Alex Edelman/Getty Images(WASHINGTON) — They are janitors scrubbing toilets and maintenance workers polishing the majestic marble floors in many of Washington D.C.’s wide-ranging expanse of federal office buildings.They are security officers in some of America’s most treasured museums, maintaining vigilance and ensuring visitor safety at a tense time in the nation’s history. They are federal corrections officers and Forest Service firefighters and National Weather Service forecasters and members of the Coast Guard.And for the foreseeable future, hundreds of thousands of them are out of luck.Roughly 420,000 federal employees will work without pay this week as the shutdown continues, and as many as an additional 380,000 will be furloughed, possibly indefinitely, according to some congressional estimates.Late Saturday afternoon, legislators in the U.S. Capitol adjourned for the holidays without reaching a deal to re-open the partially-shuttered federal government. They will not return until after Christmas, leaving federal employee families across the country wondering what comes next.The shutdown “could be devastating for the men and women who keep our federal buildings safe and clean,” said 32BJ Service Employees International Union (SEIU) Vice President Jaime Contreras.“32BJ members cannot afford interruptions to their weekly paychecks, especially in the middle of the holiday season.”Across the nation, anxiety is rising among hundreds of thousands of federal employees caught in the jaws of an unpredictable government shutdown with no clear end in sight.But don’t call it a shutdown. Call it a “lapse.”That’s the official language released by the White House this week in a four-page contingency plan that spells out the contours of every last lump of coal the shutdown will be delivering to federal employees in the days and possibly weeks ahead.In a lapse, all pre-scheduled, paid leave and other paid time off is cancelled — including so-called “use-or-lose” leave that many workers end up with at the close of a busy year.And if you are called in to work during the shutdown, or to work a national holiday like Christmas or New Year’s Day, you don’t get paid until the shutdown ends and Congress passes legislation to fund those paychecks.Chris Barrett, a correctional officer at a federal prison in Loretto, Pennsylvania, said on Friday that he was planning to take off work until after the New Year holiday, but now his plans are up in the air. Barrett said on Friday that he expects he’ll receive a call telling him to report to work on Monday.That’s because Barrett is what the government deems an “essential” employee.And according to the rules, any planned leave by an essential employee is canceled and employees are expected to report to work.That irks Barrett, who is also the president of his local union, known as local 3951.“I’m not really happy…For the government to play with our lives like that, it’s not fair.”By mid-January, furloughed federal employees’ paychecks will begin to dry up, according to officials with one of the nation’s largest unions representing federal employees.Many employees and contractors will be paid up until that point in January because the government operates on a delayed pay schedule, said Ashley De Smeth, a spokeswoman for the American Federation of Government Employees.But after that, workers will have to wait for Congress to pass legislation to provide back pay.And with the post-holiday credit card bills beginning to come due next month just as paychecks could be drying up, typical holiday season stress could be exacerbated by extreme financial uncertainty.“Not being able to pay our bills or put gas in our car – or having to carpool -– it’s very stressful,” Barrett said.But despite the cold shoulders from lawmakers and the president, some Americans are still looking out for the tens of thousands of federal employees heading into this holiday season with one eye on their wallets.Celebrity chef Jose Andres – who owns numerous high-end restaurants in the Washington D.C. area, announced on Twitter on Friday morning that he is willing to step up and help out until the government gets back on its feet.“I will offer again Free Sandwiches to the poor men and women of the federal government, republicans and democrats, at every restaurant of mine in DC for lunch until they paid again!”Copyright © 2018, ABC Radio. All rights reserved.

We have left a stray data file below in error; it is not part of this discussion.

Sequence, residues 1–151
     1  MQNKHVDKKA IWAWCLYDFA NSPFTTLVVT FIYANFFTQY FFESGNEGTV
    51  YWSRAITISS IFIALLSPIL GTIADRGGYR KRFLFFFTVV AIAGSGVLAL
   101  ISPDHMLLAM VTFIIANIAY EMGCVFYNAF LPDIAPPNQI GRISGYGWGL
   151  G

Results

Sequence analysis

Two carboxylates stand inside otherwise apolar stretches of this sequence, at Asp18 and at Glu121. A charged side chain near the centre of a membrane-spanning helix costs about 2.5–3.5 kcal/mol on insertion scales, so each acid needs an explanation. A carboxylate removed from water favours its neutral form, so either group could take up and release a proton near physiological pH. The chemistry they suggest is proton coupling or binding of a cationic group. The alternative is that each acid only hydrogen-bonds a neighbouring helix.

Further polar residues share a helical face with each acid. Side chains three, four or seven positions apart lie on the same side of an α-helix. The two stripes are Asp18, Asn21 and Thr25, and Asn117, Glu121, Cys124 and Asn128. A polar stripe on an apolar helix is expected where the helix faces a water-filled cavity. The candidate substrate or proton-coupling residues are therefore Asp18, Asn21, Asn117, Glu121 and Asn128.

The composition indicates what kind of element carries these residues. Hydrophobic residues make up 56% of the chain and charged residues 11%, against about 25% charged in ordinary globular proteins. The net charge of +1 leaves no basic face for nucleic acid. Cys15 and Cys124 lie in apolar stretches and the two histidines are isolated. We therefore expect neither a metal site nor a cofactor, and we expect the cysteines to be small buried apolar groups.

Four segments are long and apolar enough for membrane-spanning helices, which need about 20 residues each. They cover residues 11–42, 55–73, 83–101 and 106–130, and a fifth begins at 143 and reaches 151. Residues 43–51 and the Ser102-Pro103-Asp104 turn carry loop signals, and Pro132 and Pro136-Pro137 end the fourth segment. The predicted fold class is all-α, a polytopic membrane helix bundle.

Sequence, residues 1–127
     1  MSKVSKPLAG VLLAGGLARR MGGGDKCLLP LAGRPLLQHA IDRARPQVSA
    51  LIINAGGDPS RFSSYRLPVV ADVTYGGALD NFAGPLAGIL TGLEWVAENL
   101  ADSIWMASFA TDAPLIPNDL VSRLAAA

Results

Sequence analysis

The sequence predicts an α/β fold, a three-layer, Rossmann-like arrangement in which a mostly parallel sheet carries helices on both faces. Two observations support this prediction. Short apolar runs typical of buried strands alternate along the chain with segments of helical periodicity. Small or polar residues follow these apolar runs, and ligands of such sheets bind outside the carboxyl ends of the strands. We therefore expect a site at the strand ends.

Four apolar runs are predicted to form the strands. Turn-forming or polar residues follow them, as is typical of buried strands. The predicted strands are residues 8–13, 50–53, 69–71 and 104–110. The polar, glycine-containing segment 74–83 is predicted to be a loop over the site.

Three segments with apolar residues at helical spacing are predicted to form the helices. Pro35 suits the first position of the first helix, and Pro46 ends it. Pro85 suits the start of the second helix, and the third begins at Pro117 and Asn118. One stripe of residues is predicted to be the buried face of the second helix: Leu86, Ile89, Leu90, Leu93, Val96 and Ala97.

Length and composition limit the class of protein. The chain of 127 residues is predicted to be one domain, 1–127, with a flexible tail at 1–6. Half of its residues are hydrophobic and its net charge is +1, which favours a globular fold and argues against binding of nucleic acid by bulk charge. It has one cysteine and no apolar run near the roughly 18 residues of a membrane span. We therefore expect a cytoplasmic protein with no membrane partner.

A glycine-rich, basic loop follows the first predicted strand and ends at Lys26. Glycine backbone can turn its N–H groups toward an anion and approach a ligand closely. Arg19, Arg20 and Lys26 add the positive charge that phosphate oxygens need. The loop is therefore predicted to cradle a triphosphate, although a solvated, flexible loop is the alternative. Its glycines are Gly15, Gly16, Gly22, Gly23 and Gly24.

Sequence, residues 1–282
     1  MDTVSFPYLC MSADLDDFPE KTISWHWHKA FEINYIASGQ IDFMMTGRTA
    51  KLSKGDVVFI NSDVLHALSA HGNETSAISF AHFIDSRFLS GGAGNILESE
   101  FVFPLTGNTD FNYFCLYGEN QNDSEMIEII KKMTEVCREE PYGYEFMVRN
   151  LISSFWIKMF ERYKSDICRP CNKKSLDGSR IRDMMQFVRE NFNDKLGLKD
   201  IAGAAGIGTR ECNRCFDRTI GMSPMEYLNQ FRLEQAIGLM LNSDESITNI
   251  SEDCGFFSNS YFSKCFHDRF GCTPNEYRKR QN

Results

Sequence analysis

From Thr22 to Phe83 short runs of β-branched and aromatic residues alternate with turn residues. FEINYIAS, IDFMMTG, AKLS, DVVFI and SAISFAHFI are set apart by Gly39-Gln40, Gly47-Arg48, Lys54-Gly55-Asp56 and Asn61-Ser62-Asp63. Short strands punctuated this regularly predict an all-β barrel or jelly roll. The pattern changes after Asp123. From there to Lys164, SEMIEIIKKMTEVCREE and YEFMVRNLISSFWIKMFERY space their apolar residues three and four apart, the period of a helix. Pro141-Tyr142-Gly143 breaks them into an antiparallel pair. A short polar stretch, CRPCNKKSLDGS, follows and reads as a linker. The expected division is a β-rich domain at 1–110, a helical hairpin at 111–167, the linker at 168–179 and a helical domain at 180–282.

View post tag: Ray Mabus US Navy bids farewell to longest serving secretary Authorities January 9, 2017 Share this article Back to overview,Home naval-today US Navy bids farewell to longest serving secretary View post tag: SECNAV The U.S. Navy bid farewell to Ray Mabus, the navy’s longest serving secretary since World War I, in a ceremony in Washington on January 6.During his eight-year tenure, Mabus led the navy through a period of often controversial changes with social and energy reforms at the forefront.Seeking to minimize the U.S. Navy’s dependency on fossil fuels, Mabus championed an alternative solution throughout his tenure. In January 2016, the Great Green Fleet, a carrier strike group deployed sing alternative fuel sources.The alternative fuel was made from 10 percent beef tallow provided from farmers in the Midwest and 90 percent marine diesel.The navy claimed the fuel was cost-competitive, but subsequent reports indicated that was not the case as even a 90:10 ratio, instead of the envisioned 50:50, cost more than regular fuel.Mabus will also be remembered for his support for women and homosexual persons in service. During his time in office, women got the right to serve in all combat roles while homosexuals were allowed to serve openly.A not so popular measure during the secretary’s tenure was the reform of sailors ratings. A September 2016 decision which said that sailors would no longer be addressed by their rating but by generic titles was withdrawn by the chief of naval operations John Richardson in December 2016.Mabus’ navy bio says that during his tenure, the navy went from building fewer than five ships per year to having 86 ships under contract, an average of 14 ships per year.The navy says that Mabus’ shipbuilding efforts reversed the decline of the navy’s fleet and will increase it to more than 300 ships by the end of the decade despite fiscal constraints.Before his appointment by President Obama, Mabus held a variety of leadership positions. From 1988 to 1992, Mabus served as Governor of Mississippi, the youngest elected to that office in more than 150 years. Mabus was Ambassador to the Kingdom of Saudi Arabia from 1994-1996 and later was Chairman and CEO of a manufacturing company which he led out of bankruptcy.As PEOTUS Donald Trump prepares to take office there is still no official nomination for a new navy secretary. View post tag: US Navy